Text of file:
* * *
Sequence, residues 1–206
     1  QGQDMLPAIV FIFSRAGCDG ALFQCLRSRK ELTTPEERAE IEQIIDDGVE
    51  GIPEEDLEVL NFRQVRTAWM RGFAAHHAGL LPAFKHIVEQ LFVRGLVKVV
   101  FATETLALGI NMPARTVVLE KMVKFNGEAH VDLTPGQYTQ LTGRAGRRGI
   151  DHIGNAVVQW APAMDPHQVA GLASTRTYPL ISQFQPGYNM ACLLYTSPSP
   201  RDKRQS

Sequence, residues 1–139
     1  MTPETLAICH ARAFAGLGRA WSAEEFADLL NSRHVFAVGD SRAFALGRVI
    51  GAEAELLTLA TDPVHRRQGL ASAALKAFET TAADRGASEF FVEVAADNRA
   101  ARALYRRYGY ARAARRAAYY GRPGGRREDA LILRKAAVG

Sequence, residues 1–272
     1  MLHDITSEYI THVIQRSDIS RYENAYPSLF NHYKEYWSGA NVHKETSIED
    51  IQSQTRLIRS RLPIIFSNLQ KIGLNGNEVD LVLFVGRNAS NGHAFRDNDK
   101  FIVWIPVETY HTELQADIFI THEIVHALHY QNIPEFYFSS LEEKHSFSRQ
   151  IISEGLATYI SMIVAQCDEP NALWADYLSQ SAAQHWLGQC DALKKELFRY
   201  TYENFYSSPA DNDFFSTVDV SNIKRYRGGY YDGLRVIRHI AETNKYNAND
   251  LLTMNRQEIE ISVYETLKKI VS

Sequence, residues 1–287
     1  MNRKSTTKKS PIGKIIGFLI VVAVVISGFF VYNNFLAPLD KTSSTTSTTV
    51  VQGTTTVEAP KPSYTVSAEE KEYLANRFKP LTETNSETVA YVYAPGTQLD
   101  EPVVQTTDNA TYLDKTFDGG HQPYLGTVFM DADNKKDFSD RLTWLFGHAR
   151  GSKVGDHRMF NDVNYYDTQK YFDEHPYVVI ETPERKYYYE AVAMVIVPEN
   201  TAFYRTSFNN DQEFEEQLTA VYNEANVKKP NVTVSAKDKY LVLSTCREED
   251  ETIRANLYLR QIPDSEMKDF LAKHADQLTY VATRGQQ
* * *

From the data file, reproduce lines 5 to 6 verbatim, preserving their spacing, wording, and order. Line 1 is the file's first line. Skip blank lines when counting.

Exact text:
   151  DHIGNAVVQW APAMDPHQVA GLASTRTYPL ISQFQPGYNM ACLLYTSPSP
   201  RDKRQS